Friday, September 10, 2010
The Stone Diaries: Carol Shields
Yippee with this book I reach my "50 books read this year" mark! It has been perhaps slow going in the last couple of months with just about three books a month, and I didn't think I would reach this goal for a long time. Also, 50 books in so many months is not as impressive as some other bloggers who finish that much in a matter of two months. But perhaps my choices are different and so is my pace. Next count will come up on January 1st 2011, looking back on a year's worth of books! On to the review now...
After cracking up with laughter with Sh*t My Dad Says, which Soul kindly lent to me, I returned to the book I was reading. The Stone Diaries by Carol Shields is far removed from Halpern’s comic wisdom and yet strangely they are both connected. Both deal with life, the only difference is in the way they approach it. The Stone Diaries tells the story of Daisy Goodwill, her birth, childhood, courtship, marriage, motherhood and finally death.
In a twist of circumstance, Daisy is brought up by her neighbor Clarentine Flett although her father corresponds with her regularly by mail. After a point Daisy meets her father Cuyler Goodwill and goes to live with him. She marries Harold Hoad who dies on their first night in a bizarre manner. Daisy gets married again, this time to Barker Flett who is more than two decades older to her. We see her living an apparently fulfilled life cushioned in the satisfactory sense of motherhood and a happy marriage. Barker Flett passes away and Daisy starts to work as a writer for a magazine. When Daisy takes a short hiatus from writing for her daughter’s marriage, she returns to find that her position has been taken up by someone else. Daisy goes through an intensively depressing phase, but then becomes well enough to retire to a content life in Florida, interspersed with holidays with her two best friends. Soon, death comes knocking with old age and Daisy Goodwill gently passes away.
So what is remarkable about this book you might ask? As you can see, I have told the story of just about every fifth person on this planet. Mundane. Normal. Average. “In other words a woman so commonplace that her story would seem barely worth remarking, were it not, perhaps, for her own determination to tell it… This is the problem that Carol Shields addresses in The Stone Diaries: how do small lives, the kind most women were once assumed to lead, assume significance and coherence?” says the book's introduction.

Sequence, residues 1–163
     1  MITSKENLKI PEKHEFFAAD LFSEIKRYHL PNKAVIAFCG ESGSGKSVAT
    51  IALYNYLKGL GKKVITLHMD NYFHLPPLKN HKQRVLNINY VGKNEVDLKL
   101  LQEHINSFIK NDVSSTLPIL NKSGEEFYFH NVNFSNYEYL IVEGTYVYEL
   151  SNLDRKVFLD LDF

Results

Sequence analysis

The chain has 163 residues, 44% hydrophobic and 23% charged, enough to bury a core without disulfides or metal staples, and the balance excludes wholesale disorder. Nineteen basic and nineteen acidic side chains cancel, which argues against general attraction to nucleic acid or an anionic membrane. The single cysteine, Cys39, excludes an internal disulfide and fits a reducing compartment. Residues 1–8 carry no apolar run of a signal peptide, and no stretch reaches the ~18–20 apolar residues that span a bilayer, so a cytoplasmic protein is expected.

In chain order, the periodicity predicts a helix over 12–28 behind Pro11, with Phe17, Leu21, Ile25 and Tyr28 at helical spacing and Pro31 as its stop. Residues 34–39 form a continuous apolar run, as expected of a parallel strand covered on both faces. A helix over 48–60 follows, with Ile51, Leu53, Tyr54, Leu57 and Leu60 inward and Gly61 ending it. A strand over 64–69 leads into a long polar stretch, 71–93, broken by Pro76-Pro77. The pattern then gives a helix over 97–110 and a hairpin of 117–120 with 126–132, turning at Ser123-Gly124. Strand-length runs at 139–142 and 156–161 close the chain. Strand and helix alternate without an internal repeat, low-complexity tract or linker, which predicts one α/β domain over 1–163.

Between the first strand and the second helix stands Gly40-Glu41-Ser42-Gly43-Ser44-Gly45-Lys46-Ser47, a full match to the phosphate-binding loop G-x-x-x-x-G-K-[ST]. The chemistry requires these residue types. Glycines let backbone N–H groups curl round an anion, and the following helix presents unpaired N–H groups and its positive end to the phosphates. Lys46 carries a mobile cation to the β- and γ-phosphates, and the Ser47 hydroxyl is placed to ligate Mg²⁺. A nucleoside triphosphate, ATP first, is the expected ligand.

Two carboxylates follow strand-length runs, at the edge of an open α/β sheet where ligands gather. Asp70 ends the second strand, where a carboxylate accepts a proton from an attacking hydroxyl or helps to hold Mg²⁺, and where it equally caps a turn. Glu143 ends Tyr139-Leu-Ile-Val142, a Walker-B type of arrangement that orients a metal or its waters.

And Shields does a brilliant job of putting together the scraps, the debris and the scrapings of Daisy’s life to make up a collage of her life. To make this collage as believable as possible Shields uses the technique of multiple narrations from various points of view as well as different sources. We look at Daisy not just through the window of her own thoughts but through the peephole of mail correspondences, through slivers of others' eyes and through the perforations of such things as recipes, hobbies and lists. Everything in Daisy’s life is a part of what made her, what gives her shape. In this aspect the most admirable chapter is the last one named Death. After Daisy passes away we only hear snatches of conversation from unnamed observers:
“ “It was in her bedside drawer. This little velvet box.”
“What is it? It looks like -”
“That’s what it is. Fingernail clippings. Hers, I assume.”
This is punctuated by random lists or strings of things.
“Bluebirds, Pioneer Girls in Service…Christian Endeavor… Quarry Club, United Church Women, Mothers’ Union…Ontario Seed Collective, Bay Ladies Craft Group, The Flowers.”
Shields employs some unique methods like these, which peels away the layers of Daisy’s life that are invisible on the surface. We learn that there is a lot more to Daisy than her “average” life, that she has thoughts and feelings, which might never be voiced otherwise. That to every person’s life there are aspects, which make it individualistic even though it appears identical to scores of others.
I enjoyed The Stone Diaries, though I must warn that there were parts in the book that moved extremely slowly. I actually got impatient with a few passages and had to skip them but even in that it’s impossible to miss Shields’ brilliant manner of writing sprinkled with wry wit and sensitive observations. Through Daisy we are also given a glimpse of 1950s’ American society –
“Deeply, fervently, sincerely desiring to be a good wife and mother, Mrs. Flett reads every issue of Good Housekeeping… And every once in a while, between the cosmetic advertisements and the recipe columns, she comes across articles about ways a woman can please her husband in bed. Often, too, there are letters from women who are seeking special avice for particular sexual problems. One of them wrote recently, “My husband always wants to have our cuddly moments on Monday night after his bowling league. Unfortunately I do the wash on Mondays and am too exhausted by evening to be an enthusiastic partner.” The advice given was short and to the point: “Wash on Tuesdays.” ”
Shields was a refreshing change from the books that I have read in recent times. Yes, a tad dragging but definitely not average. Daisy Goodwill Flett soars much above that.
Verdict: A quiet, thoughtful read